Academic journal article Insight Turkey

How Do Muslims Respond to Far Right Political Mobilization in Their European State?

Academic journal article Insight Turkey

How Do Muslims Respond to Far Right Political Mobilization in Their European State?

Article excerpt

Introduction (1)

Far right rhetoric and jihadi-inspired terrorist incidents have derailed progress on the minority protection initiatives begun in earnest with the European Year against Racism declared by the European Council of Ministers and representatives of the member states' governments in 1997. These efforts were intended to reduce disparities and polarizations in Europe by removing barriers to the full participation of minorities in European States. (2) The Council of Europe targeted eight key areas of life in its effort to monitor and improve parity between minorities, including Muslims, and those who call themselves "natives" of Europe. (3) The key areas are "employment, housing, healthcare, nutrition, education, information, culture and basic public functions (which include equality, anti-discrimination and self-organization)." (4) Reducing discrimination remains an elusive goal in this effort, though critical to minimizing minority/majority disparities and utilizing the talents of minorities in Europe. Discrimination predominately targets Muslims, whose conservative lifestyle and overt practice of religion draw unwanted attention in secular Europe, and far right parties have mobilized to deny Muslims a place in European culture. (5) The diversity protection initiatives that began twenty years ago are viewed with suspicion by those attracted to the nativism promoted by right wing populist parties. Regardless of Europe's need for labor and the demographic trough many member-states face, experts' recommendations for addressing these problems are not persuasive to some in the ethnic majority. Demographers, like the economist-technocrats guiding the European Parliament's policymaking or advising center-left political parties, face a skeptical audience for their analyses. (6) Weakened trust in the state and in European policymakers also instigates a turning away from experts on the part of voters.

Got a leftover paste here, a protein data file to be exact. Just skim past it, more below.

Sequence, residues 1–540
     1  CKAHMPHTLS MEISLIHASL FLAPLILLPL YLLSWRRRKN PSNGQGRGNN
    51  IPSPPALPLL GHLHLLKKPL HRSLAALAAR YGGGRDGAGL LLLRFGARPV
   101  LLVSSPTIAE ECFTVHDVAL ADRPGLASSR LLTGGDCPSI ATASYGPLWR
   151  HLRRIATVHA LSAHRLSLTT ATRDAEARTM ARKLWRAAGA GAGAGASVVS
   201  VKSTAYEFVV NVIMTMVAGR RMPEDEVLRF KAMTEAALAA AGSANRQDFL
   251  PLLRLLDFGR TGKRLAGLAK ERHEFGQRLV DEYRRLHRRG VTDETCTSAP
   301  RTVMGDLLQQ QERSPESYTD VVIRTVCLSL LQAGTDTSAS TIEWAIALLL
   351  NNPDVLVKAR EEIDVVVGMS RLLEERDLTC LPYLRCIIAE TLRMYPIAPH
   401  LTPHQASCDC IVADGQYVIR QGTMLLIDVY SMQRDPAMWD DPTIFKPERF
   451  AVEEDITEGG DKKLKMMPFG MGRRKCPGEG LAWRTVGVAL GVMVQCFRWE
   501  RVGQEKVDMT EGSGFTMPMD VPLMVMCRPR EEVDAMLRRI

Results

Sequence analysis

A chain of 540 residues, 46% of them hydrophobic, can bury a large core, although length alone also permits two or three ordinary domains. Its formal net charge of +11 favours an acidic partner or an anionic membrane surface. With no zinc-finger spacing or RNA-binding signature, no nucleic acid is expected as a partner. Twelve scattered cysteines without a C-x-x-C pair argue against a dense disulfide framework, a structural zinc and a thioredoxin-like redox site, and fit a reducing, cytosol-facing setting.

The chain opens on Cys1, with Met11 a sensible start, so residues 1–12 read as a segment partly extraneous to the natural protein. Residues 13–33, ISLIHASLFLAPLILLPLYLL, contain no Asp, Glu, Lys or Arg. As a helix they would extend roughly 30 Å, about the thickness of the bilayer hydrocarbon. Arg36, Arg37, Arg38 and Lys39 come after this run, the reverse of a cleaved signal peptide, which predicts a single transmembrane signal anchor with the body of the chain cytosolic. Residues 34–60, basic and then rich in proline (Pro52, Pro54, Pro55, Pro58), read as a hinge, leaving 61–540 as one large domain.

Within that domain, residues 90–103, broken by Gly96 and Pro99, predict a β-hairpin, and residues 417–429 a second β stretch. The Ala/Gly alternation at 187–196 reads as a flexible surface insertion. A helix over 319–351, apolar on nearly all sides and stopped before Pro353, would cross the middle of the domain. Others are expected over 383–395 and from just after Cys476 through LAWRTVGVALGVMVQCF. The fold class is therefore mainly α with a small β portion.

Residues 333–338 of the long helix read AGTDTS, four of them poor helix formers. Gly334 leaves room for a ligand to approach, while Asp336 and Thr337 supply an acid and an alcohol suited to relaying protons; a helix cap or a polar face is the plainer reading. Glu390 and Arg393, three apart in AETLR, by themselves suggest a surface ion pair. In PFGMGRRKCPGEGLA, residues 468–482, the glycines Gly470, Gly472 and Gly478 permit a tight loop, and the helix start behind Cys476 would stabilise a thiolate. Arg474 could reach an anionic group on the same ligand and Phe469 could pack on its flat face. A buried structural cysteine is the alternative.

Yet quantitative research on Muslims in Europe consistently demonstrates their support for democracy as it is practiced in their European state and their greater approval than non-Muslims of political, judicial and criminal justice institutions. (7) Where exceptions to this trend occur, as, for example, in the weaker support for police on the part of Muslims in France, the reasons are clear. Both the French high court and minority protection agencies have criticized the French police practice of routine identity checks of men of color (who are likely to be Muslims) in France. (8) Despite their unfair police scrutiny, Muslims in France are as likely as non-Muslims to trust the legal system, as data from the European Social Survey show. (9)

We can expect then that Muslims will make demands of the democratic agencies in Europe: that they will use electoral and legislative political processes to attain protections and that they will adapt the organization of Islam and its teaching to their circumstances in Europe. It may be that their guest worker or refugee family backgrounds have heightened the appreciation Muslims have for the democratic institutions of their European states, but their expectations of Europe grow with each generation born there. Previously, data from the European Social Survey in 2008 have shown that Muslims born in France or the Netherlands, for example, are at least 15 percent more likely to feel that they are members of a group that is discriminated than other Muslims living in these states but born abroad. (10) In this paper, we examine more recent data on Muslims' attitudes in Europe and consider state-level indicators of their political and policy environments relating to multiculturalism.

Country Selection and Data Sources

Using data from the European Social Survey up through 2014 we look below at evidence of Muslims' European identification in France, Austria and the Netherlands, including their trust in the political process in the current era of hate speech directed toward them. …

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